U.S. investigators believe missing Malaysia Airlines Flight 370 may have flown for an additional four hours after it reached final known location, according to a report in the Wall Street Journal. If the reports are true, the plane could have traveled another 2,200 nautical miles, giving it time to reach Pakistan, the Indian Ocean, or the Arabian Sea.
Two officials with knowledge of the U.S.'s investigation told the Journal that aviation investigators and national security officials think the plane flew for a total of five hours, four hours past the one hour estimate initially given after the flight vanished early Saturday morning. Their information is based on flight data automatically sent out from the planes Rolls-Royce engines as part of the planes's maintenance program.
U.S. counterterrorism officials are pursuing the possibility that a pilot or someone else on board the plane may have diverted it toward an undisclosed location after intentionally turning off the jetliner's transponders to avoid radar detection, according to one person tracking the probe.
The investigation remains fluid, and it isn't clear whether investigators have evidence indicating possible terrorism or sabotage. So far, U.S. national security officials have said that nothing specifically points toward terrorism, though they haven't ruled it out.
But the huge uncertainty about where the plane was headed, and why it apparently continued flying so long without working transponders, has raised theories among investigators that the aircraft may have been commandeered for a reason that appears unclear to U.S. authorities. Some of those theories have been laid out to national security officials and senior personnel from various U.S. agencies, according to one person familiar with the matter.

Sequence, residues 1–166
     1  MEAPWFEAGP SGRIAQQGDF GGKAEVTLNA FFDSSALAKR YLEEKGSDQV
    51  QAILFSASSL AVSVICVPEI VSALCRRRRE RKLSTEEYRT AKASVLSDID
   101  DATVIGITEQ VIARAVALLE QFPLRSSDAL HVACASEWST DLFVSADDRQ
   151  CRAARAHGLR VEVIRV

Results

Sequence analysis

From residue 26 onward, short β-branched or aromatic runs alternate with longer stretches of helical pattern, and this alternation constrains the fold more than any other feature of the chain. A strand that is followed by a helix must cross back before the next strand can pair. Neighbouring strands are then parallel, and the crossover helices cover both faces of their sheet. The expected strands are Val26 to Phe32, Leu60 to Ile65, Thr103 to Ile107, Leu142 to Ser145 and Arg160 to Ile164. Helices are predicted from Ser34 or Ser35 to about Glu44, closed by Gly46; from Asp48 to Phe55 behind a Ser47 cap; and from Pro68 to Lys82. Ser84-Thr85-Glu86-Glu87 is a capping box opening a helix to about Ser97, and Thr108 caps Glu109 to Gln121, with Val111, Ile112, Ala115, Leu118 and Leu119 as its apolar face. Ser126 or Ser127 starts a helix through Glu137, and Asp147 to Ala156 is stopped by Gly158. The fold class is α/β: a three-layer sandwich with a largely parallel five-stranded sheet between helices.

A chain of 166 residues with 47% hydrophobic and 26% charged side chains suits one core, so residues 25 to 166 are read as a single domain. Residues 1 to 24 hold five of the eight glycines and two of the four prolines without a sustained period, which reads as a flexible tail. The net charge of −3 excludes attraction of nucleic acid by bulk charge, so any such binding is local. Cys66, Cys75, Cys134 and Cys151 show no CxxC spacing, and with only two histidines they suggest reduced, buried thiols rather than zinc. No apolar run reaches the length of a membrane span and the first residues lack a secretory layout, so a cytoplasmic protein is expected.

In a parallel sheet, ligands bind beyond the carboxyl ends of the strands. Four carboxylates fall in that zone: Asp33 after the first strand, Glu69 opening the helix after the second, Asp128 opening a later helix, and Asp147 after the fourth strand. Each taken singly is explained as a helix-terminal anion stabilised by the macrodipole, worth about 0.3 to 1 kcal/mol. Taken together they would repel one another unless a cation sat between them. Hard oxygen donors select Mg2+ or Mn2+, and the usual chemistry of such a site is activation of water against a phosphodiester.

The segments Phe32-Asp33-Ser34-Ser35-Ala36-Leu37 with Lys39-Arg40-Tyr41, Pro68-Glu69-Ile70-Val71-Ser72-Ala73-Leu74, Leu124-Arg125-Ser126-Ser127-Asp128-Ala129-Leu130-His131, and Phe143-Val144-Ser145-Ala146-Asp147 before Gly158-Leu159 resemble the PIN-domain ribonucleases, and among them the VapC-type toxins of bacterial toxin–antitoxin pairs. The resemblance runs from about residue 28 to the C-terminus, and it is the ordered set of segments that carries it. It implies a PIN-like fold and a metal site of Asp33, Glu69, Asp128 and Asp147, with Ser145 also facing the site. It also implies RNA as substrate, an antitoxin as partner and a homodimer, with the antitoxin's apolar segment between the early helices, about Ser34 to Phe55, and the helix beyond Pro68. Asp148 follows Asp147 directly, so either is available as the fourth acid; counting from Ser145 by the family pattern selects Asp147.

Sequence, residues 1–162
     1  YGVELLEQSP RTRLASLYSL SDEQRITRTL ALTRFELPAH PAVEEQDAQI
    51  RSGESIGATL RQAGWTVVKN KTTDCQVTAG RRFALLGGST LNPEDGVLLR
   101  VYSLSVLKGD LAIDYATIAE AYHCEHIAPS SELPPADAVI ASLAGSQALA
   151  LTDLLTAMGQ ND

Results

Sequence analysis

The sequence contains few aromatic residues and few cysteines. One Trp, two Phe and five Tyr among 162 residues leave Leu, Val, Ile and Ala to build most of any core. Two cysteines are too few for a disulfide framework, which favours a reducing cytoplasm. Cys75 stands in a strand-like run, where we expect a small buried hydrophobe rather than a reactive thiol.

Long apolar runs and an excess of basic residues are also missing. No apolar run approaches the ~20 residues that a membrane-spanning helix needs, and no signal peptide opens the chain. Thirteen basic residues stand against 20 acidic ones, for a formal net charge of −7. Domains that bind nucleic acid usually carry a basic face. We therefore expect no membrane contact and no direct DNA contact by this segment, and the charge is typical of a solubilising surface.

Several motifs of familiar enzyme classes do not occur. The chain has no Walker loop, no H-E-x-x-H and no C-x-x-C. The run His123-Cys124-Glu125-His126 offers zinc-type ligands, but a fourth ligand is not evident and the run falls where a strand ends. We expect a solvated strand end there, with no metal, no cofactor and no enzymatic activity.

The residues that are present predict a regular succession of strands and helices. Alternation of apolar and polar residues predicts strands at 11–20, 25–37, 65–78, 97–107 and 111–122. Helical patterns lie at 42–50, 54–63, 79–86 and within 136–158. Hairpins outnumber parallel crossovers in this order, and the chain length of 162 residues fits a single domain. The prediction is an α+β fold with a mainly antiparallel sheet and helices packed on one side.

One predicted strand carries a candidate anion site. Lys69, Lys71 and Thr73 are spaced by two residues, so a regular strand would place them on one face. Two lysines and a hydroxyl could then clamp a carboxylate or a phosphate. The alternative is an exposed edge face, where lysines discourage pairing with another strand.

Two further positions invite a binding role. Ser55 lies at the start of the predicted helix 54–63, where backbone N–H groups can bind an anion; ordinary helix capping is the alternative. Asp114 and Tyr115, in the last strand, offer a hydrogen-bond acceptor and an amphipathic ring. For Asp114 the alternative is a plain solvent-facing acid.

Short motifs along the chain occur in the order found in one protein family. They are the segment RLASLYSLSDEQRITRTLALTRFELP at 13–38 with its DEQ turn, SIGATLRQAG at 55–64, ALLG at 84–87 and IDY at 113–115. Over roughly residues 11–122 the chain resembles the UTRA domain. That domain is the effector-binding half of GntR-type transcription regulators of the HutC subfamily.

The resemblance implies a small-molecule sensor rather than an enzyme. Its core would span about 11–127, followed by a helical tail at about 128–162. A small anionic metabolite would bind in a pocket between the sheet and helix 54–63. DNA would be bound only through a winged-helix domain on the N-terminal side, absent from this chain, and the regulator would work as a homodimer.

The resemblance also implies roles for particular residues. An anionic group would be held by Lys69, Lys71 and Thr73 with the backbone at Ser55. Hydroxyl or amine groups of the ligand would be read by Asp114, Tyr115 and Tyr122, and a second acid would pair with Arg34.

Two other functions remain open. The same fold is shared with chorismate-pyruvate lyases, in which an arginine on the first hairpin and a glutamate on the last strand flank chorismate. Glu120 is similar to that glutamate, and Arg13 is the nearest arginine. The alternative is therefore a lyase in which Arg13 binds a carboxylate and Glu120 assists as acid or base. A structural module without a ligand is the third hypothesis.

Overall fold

One such theory, reportedly under active pursuit by U.S. investigators, is that the plane was diverted "with the intention of using it later for another purpose."
Meanwhile, the search for debris spotted on Sunday by Chinese satellites has so far turned up empty. "There is nothing. We went there, there is nothing," Malaysia's civil aviation chief Azharuddin Abdul Rahman told reporters in Kuala Lumpur on Thursday.
But Malaysia Airlines Chief Executive Ahmad Jauhari Yahya said Thursday that Rolls-Royce and Boeing have reported that they didn't receive transmissions of any kind after 1:07 a.m. Saturday. Air traffic controllers lost contact with the plane shortly afterward, around 1:30 a.m.
Malaysia's acting Transportation Minister Hishammuddin Hussein also rebutted the report, calling it "inaccurate."
[Image via Getty]